GEORGIA TECH (US) — As Internet service providers make the transition to usage-based pricing plans, a tool could help consumers ensure they’re getting their money’s worth.
Kermit is an easy-to-use application that allows users to monitor and control network usage within their home environment, including measuring the actual network speed made available by their Internet service providers (ISPs) and tracking bandwidth usage over time.
“I think it’s widely recognized now, and the FCC is [aware], that people are not getting the speeds that are sometimes advertised,” says developer Beki Grinter, an associate professor of computing at the Georgia Institute of Technology. “What Kermit does is it makes that very visible to people in their homes.”
Researchers presented Kermit last week at the CHI 2011 Conference on Human Factors in Computing, held in Vancouver.
Kermit works by showing the user a simple view of all the home’s devices connected to the Internet: computers, mobile devices, digital video recorders, game systems, or anything else that’s networked. Users can rename their devices, or label them with photos to show what they are.
At any moment, Kermit can not only show who’s using the Internet, whether through a desktop or mobile device, but it can also limit a device’s speed. The user can even limit or prioritize a specific machine’s traffic.
Kermit developer Marshini Chetty, a Ph.D. candidate at Georgia Tech, says tests with users showed that “even people who were not Internet gurus tried to do this.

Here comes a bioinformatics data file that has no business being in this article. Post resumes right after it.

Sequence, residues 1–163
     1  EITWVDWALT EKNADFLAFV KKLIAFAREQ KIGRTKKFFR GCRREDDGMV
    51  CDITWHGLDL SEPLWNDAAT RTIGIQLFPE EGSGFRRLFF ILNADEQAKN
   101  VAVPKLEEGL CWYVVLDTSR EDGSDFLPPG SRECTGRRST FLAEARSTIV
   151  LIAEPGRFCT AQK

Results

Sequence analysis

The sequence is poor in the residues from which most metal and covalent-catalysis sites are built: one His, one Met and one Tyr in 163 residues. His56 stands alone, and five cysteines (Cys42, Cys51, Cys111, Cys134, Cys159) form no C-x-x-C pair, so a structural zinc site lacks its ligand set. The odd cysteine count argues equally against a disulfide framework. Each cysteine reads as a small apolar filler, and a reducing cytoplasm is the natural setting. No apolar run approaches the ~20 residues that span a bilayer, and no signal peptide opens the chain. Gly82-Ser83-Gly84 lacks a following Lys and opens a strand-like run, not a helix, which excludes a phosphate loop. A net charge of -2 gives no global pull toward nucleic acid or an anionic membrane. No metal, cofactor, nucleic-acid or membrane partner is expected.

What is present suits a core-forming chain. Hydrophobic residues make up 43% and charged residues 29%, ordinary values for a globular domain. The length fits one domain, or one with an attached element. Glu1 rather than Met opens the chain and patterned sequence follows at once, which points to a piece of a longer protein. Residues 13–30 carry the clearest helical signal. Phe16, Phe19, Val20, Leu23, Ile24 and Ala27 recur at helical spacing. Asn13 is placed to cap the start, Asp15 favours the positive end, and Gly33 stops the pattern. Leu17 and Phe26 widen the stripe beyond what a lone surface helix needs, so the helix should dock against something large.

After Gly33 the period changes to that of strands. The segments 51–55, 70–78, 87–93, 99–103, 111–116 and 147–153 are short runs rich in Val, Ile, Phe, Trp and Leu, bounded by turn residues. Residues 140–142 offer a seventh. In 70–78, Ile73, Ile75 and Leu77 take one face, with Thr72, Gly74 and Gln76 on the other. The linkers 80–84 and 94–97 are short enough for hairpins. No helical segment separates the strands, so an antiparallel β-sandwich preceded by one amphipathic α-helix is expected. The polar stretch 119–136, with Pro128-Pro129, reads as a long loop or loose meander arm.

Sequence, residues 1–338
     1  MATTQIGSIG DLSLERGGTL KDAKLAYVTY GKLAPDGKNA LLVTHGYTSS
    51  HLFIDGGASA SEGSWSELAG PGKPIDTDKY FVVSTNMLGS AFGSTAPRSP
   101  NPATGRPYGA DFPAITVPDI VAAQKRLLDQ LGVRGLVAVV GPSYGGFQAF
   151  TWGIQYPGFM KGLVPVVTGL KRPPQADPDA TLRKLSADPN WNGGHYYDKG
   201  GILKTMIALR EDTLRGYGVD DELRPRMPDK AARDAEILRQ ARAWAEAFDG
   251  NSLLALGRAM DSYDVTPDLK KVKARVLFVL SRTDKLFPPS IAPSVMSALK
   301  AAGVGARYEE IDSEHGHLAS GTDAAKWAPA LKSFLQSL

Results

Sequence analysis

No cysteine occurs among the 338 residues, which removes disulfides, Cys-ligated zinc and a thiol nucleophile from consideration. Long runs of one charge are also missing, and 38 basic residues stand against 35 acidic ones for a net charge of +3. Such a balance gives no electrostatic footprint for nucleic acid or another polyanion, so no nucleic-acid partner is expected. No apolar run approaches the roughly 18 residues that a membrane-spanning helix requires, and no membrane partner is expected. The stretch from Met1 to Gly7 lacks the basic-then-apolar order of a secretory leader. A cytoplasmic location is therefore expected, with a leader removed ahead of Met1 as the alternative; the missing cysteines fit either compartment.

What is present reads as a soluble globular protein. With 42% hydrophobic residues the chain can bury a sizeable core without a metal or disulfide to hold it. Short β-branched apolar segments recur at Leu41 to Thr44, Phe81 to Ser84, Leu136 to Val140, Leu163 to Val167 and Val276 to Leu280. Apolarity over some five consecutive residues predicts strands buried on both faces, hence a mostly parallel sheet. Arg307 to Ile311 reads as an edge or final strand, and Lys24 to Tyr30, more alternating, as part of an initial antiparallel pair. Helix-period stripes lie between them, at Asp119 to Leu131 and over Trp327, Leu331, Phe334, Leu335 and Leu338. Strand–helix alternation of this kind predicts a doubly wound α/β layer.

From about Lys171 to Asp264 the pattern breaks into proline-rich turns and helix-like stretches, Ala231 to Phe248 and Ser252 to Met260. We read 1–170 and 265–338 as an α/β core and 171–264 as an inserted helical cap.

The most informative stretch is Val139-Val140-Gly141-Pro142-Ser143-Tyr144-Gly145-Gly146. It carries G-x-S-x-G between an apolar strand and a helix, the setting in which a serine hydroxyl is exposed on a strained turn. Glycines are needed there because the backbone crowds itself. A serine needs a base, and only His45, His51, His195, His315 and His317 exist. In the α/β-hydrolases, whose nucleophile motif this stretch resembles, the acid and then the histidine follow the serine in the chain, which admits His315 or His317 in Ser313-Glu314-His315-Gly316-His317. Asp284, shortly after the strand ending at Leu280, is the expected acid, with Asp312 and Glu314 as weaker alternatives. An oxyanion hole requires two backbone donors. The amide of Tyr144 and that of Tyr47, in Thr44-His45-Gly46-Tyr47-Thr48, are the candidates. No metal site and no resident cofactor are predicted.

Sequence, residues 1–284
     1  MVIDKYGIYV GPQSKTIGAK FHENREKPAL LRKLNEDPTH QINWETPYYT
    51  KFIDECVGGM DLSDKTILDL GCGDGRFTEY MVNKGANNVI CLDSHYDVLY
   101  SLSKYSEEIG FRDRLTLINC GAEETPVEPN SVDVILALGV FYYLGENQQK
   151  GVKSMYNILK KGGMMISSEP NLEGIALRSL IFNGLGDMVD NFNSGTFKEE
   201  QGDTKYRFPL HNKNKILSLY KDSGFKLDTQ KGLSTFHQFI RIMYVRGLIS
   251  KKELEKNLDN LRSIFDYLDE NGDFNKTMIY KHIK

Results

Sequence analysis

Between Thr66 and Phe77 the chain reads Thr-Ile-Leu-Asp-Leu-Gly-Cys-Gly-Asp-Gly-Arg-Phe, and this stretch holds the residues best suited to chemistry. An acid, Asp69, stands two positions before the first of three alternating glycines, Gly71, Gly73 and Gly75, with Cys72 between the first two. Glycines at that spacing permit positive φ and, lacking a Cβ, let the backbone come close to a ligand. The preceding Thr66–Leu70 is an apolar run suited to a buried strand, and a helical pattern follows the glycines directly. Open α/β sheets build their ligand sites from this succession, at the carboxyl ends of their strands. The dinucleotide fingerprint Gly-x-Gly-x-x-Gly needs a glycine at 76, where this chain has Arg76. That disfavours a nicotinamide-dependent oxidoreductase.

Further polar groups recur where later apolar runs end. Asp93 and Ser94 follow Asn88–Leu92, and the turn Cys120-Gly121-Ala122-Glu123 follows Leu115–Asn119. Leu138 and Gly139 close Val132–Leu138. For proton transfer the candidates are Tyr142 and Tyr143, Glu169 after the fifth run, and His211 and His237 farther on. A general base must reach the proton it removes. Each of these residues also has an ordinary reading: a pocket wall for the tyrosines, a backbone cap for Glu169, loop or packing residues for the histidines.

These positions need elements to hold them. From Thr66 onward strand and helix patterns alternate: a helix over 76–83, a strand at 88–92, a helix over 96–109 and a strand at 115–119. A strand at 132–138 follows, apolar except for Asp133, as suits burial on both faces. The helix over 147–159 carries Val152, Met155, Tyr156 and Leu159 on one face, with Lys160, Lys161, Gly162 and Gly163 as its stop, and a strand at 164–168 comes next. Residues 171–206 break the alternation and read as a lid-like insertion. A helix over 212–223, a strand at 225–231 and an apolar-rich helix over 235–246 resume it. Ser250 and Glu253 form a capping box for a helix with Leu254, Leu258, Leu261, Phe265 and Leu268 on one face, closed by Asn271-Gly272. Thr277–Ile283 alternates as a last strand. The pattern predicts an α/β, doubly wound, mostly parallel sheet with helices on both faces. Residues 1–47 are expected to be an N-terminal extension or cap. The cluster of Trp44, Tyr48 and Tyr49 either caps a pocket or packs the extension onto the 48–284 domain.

“With one husband-and-wife couple, the wife actually limited her husband’s machine because she worked from home. Before, she wouldn’t have gone to the router Web interface to do that, but because Kermit made it easier for her, she was feeling more comfortable to do it. Of course, her husband didn’t really like that,” says Chetty.
In addition to providing real-time information, Kermit allows users to view historical data on their Internet connection such as how much bandwidth different machines use over time, making it easier to spot patterns
“After we gave them Kermit, they were able to see the speeds over time,” Chetty says. “So, by the end of the study, they started to question: ‘Am I getting what I paid for?’ Or they knew a little bit more about it and realized, yes, they were actually getting what they paid for. I think Kermit was successful in actually making them more informed about these issues, which is one of our goals.”
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